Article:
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How to Implement Deception Technologies?

It is often stated that “defenders need to be right 100% of the time while attackers only need to be right once.” Although this statement isn’t technically true, it does articulate the problem defenders face. Mistakes rarely hurt attackers, but they can cripple defenders. It’s time to turn that paradigm on its head. All it takes for defenders to take back the advantage is for the attacker to touch one deceptive resource. With deception, the attackers now need to be right 100% of the time to avoid detection, while the defenders must be right only once. Deception technologies give organizations the capability of creating better detection capabilities at every “layer,” as well as giving them better insight into attacks that are being executed in their environment—all while limiting the damage the attacker can do. To be truly effective, deception is not something you can simply throw on your network in an afternoon. Particularly with commercial solutions, the technology is fairly simple, but it must be implemented with a designed intent.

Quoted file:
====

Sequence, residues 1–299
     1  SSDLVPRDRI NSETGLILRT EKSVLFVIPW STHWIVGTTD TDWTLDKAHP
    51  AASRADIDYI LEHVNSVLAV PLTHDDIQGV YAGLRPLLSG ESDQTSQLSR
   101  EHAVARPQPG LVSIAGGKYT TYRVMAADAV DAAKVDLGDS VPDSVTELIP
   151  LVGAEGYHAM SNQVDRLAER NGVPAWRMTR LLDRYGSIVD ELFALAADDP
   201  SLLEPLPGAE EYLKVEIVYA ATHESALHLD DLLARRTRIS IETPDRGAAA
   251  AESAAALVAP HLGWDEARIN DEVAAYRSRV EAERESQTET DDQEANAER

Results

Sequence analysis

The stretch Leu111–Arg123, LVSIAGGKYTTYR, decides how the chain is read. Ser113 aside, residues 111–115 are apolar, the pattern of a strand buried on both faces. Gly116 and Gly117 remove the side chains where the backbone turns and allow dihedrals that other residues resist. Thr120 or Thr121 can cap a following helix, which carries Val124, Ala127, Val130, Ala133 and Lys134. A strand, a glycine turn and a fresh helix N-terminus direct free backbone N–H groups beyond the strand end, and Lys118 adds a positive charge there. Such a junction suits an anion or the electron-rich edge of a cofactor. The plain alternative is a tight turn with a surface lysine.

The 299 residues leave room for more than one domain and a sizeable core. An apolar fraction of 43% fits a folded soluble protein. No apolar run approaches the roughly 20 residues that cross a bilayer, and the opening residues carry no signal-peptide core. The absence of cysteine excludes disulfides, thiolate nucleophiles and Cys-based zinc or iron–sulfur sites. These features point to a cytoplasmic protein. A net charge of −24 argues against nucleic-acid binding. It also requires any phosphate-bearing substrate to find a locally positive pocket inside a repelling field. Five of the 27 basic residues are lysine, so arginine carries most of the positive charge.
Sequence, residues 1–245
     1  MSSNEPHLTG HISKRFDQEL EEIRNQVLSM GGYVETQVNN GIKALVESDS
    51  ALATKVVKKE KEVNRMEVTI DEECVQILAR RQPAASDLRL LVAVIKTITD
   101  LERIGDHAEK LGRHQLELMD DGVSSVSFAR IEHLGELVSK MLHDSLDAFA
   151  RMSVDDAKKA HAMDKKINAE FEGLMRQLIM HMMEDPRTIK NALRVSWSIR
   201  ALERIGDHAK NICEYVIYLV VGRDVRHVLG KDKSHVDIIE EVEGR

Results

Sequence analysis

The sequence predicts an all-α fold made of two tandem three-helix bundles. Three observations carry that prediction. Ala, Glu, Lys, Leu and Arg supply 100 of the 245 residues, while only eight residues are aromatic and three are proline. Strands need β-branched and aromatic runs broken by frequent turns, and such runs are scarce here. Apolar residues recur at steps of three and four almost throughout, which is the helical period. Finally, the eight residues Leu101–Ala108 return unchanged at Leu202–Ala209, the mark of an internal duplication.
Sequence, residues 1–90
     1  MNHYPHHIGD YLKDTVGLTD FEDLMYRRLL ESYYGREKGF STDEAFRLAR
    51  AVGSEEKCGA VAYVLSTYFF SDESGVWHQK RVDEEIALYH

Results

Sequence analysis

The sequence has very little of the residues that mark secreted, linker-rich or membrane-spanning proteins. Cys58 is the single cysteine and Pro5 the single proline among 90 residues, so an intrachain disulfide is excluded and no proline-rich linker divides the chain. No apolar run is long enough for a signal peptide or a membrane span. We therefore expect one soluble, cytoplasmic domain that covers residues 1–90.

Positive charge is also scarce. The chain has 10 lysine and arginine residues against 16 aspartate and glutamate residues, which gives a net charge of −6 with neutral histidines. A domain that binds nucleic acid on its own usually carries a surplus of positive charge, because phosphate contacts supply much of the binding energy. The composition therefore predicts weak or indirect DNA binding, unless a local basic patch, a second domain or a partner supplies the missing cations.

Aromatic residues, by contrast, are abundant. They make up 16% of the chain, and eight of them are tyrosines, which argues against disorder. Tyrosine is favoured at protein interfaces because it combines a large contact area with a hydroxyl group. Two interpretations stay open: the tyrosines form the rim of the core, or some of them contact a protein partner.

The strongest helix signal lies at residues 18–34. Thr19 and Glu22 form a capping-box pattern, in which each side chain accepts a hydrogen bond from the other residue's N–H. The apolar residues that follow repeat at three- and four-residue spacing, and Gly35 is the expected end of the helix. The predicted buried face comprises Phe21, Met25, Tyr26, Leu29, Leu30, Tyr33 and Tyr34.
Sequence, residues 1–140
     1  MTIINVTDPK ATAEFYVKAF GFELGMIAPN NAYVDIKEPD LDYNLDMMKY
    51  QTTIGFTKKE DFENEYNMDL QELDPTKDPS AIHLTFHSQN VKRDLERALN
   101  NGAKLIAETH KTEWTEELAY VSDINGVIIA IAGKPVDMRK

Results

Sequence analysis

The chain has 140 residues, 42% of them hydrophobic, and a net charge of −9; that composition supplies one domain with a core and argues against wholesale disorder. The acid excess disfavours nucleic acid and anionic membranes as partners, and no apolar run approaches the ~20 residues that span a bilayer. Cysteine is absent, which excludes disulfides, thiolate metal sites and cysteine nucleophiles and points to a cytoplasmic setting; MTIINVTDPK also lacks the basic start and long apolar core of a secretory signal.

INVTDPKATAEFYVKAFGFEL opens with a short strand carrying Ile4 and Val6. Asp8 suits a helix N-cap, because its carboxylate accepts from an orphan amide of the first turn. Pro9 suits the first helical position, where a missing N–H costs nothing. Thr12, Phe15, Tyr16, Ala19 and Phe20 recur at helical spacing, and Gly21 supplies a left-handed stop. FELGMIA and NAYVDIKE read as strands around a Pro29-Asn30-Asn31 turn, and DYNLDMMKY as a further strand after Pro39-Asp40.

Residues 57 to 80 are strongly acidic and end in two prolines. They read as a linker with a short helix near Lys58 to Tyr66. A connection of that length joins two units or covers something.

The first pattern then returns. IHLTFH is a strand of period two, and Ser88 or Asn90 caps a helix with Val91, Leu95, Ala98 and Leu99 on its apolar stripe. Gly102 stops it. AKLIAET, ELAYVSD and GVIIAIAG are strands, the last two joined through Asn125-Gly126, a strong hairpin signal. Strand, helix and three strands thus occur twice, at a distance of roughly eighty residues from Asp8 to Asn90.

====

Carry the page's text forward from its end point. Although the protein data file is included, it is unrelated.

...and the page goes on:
For this to happen, organizations must:

  • Understand their goals and objectives when it comes to deception
  • Understand their current technological infrastructure.
  • Understand attacker techniques, tactics and methods.
  • Design their deception solution by incorporating the identified goals, technology and attacker tactics.
  • Implement and test the solution.
  • Review and update the solution on a regular basis to address new considerations, constraints, goals and tactics.

Download the complete SANS analyst guide and learn how deception technologies can significantly improve an organization’s capabilities to swiftly and accurately detect attackers, while at the same time collect sufficient threat intelligence and attack attribution information to improve response effectiveness.

Author Bio

Kyle Dickinson teaches SANS SEC545: Cloud Security Architecture and Operations and has contributed to the creation of other SANS courses. He is a cloud security architect for one of the largest privately held companies in the United States. As a strategic consultant in his organization, Kyle partners with businesses in various industries to better understand security and risks associated with cloud services. He has held many roles in IT, ranging from systems administration to network engineering and from endpoint architecture to incident response and forensic analysis. Kyle enjoys sharing information from his experiences of successes and failures.

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